Technology Hardware

  • typing_man_200.jpg

    Taxi cabs get a serious challenger, Flipboard gets an iPhone app, and developers get a bigger cut of the revenues from Microsoft's upcoming app store. Let's take a look at what's driving the sector today.

  • Apple Store

    Apple's self checkout revolution may have seemed a bit crazy, but it's apparently working out.

  • Xbox 360

    Beginning on Tuesday and continuing through the month, Microsoft will give a face-lift to its Xbox Live online entertainment service that will allow subscribers to watch a wide array of mainstream television programming from the Xbox 360 console, the New York Times reports.

  • Verizon iPhone 4

    When virtual assistants like Apple’s Siri are used in public places, the results can be annoying, even creepy, to unwilling listeners, the New York Times reports.

  • Amazon.com and Nordstrom performed well, but “Fast Money” pros called out the lack of net gains and upcoming employment report.

  • Android and iPhone

    Amazon expands it touchscreen business, there's consolidation in the cloud computing space, and  big changes in the Android market.

  • dna-helix-200.jpg

    BGI, based in China, is the world’s largest genomics research institute, with 167 DNA sequencers producing the equivalent of 2,000 human genomes a day, the New York Times reports.

  • “Fast Money” experts focus on the challenges facing Apple — and perhaps an ace up its sleeve.

  • AT&T Ready to Hang Up Deal?

    Reed Hundt, former FCC chairman, discusses FCC objections to the AT&T and T-Mobile deal. The two companies recently withdrew their intent to merge from the FCC. Craig Moffett, Sanford C. Bernstein, also weighs in.

  • Meg Whitman, former eBay CEO

    “I’m optimistic that we’ll be able to turn this around, but we have some real headwinds going into 2012, and that’s why I felt it was prudent to guide conservatively and lay out for the investor community the challenges that this company is facing," Meg Whitman, president and CEO of HP, told CNBC Tuesday.

  • Blackberry Bold

    Research In Motion confirmed that it has received complaints from some users about new BlackBerry Bold models not turning on. The company said it's working on a software fix.

  • A customer purchases the Amazon.com Inc. Kindle Fire tablet computer at a Best Buy Co. store in New York, U.S., on Tuesday, Nov. 15, 2011. Amazon.com Inc.

    With declining categories such as GPS devices and computers, no new must-have videogame console, and little buzz beyond tablets as the next big must-have gadget, consumer electronics is poised to have a blue holiday.

  • Now that Amazon has launched the Kindle Fire —which is virtually assured to be the bestselling Android tablet of the year — there's a new rumor afloat: That Amazon is building a phone.

  • Dell

    Dell reported quarterly earnings that beat Wall Street's expectations and revenue that fell short of analysts' forecasts on Tuesday, hurt by lower sales to consumers.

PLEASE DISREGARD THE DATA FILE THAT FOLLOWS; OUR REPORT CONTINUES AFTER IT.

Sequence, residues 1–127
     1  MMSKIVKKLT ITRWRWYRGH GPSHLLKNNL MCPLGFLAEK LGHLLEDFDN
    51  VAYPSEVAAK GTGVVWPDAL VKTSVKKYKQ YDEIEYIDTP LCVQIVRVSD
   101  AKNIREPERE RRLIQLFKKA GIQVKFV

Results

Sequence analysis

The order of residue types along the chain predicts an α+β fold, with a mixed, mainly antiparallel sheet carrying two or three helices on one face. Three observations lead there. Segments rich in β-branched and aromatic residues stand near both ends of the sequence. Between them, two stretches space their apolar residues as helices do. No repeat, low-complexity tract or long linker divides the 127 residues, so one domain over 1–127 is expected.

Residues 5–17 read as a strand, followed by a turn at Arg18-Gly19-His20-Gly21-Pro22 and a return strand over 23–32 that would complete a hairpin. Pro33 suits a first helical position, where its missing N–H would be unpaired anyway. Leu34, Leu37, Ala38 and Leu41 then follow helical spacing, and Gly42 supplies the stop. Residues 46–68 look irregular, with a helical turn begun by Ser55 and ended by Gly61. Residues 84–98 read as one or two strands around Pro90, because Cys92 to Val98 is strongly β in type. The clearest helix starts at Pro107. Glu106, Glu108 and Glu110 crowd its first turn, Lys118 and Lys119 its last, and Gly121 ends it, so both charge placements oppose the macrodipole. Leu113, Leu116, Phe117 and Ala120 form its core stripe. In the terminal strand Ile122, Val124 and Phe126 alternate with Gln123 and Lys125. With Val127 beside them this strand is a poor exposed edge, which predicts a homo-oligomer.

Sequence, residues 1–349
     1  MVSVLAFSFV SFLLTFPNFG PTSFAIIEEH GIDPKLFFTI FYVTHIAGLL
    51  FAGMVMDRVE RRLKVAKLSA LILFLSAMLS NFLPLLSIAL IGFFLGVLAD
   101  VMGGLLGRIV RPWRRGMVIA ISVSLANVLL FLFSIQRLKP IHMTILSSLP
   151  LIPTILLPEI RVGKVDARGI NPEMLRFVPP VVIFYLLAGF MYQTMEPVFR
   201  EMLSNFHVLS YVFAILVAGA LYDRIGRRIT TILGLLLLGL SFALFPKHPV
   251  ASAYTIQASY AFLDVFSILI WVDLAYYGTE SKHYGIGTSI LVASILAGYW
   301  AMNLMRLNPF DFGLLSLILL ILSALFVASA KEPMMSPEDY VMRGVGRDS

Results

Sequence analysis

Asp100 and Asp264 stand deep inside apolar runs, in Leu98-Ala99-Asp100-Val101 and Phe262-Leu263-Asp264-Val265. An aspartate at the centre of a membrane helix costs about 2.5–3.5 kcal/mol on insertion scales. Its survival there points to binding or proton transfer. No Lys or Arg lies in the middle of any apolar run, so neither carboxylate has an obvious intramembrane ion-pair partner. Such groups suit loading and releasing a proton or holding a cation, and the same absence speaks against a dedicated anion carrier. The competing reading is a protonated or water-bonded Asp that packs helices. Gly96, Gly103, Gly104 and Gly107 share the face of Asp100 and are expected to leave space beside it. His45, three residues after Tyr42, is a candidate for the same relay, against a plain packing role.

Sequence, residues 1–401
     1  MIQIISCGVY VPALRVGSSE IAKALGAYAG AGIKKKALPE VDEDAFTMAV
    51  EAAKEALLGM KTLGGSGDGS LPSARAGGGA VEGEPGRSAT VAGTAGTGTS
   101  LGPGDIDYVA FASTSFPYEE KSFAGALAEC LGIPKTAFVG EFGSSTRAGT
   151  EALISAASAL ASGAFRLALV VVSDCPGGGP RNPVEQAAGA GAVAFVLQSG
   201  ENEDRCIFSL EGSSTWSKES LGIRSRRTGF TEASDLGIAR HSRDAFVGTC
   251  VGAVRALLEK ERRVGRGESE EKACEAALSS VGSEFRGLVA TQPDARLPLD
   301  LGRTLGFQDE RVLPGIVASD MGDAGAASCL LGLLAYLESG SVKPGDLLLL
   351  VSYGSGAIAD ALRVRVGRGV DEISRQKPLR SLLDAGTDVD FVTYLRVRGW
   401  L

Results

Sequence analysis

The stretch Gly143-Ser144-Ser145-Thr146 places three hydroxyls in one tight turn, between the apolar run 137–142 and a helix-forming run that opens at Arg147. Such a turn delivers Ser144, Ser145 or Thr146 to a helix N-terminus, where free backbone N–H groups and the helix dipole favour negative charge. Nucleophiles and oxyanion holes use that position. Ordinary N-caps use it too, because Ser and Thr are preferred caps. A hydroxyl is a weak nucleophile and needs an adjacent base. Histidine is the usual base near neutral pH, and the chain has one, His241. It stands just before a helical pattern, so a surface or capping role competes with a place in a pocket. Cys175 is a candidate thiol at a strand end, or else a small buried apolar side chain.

• listening_to_music_200.jpg

    A new company, ReDigi, has opened a secondhand marketplace for digital music. But the site has attracted critics, the New York Times reports.

  • Android and iPhone

    Don't look now, but Amazon is stealing Android from Google. Exhibit A: Amazon's Kindle Fire.

  • A sign is displayed outside of the Google headquarters in Mountain View, California.

    Google X is a clandestine lab where Google  is tackling a list of 100 shoot-for-the-stars ideas, the New York Times reports.

  • Agony and Ecstasy of Steve Jobs

    The public adoration of Apple spacer co-founder Steve Jobs started long before his death on October 5.  But one self-proclaimed worshipper in the house of Mac became disillusioned after investigating how Apple products are made in China.

  • Micron Technology is trying to shift its business into a broader range of products, and yesterday the options paper turned bullish.

  • india on world map_200.jpg

    Can India transition from being the favored destination for offshored services to a locus of innovation?

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  • Matt Hunter is the senior technology editor at CNBC.com.

  • Ari Levy

    Ari Levy is CNBC.com's senior technology reporter in San Francisco.

  • Harriet Taylor

    Harriet Taylor is a CNBC.com technology reporter based in San Francisco. She covers Apple, Uber and the sharing economy, cyber security and emerging Silicon Valley trends.

  • Julia Boorstin

    Working from Los Angeles, Boorstin is CNBC's media and entertainment reporter and editor of CNBC.com's Media Money section.

  • Jon Fortt

    Jon Fortt is an on-air editor. He covers the companies, start-ups, and trends that are driving innovation in the industry.

  • Josh Lipton is CNBC's technology correspondent, working from CNBC's Silicon Valley bureau.

Recode

  • Executive Editor, Recode; Host, Recode Decode podcast; and Co-Executive Producer, Code Conference. Re/code is part of the CNBC network.

  • Co-Founder and Editor-at-Large, Recode and Co-Executive Producer, Code Conference. Re/code is part of the CNBC network.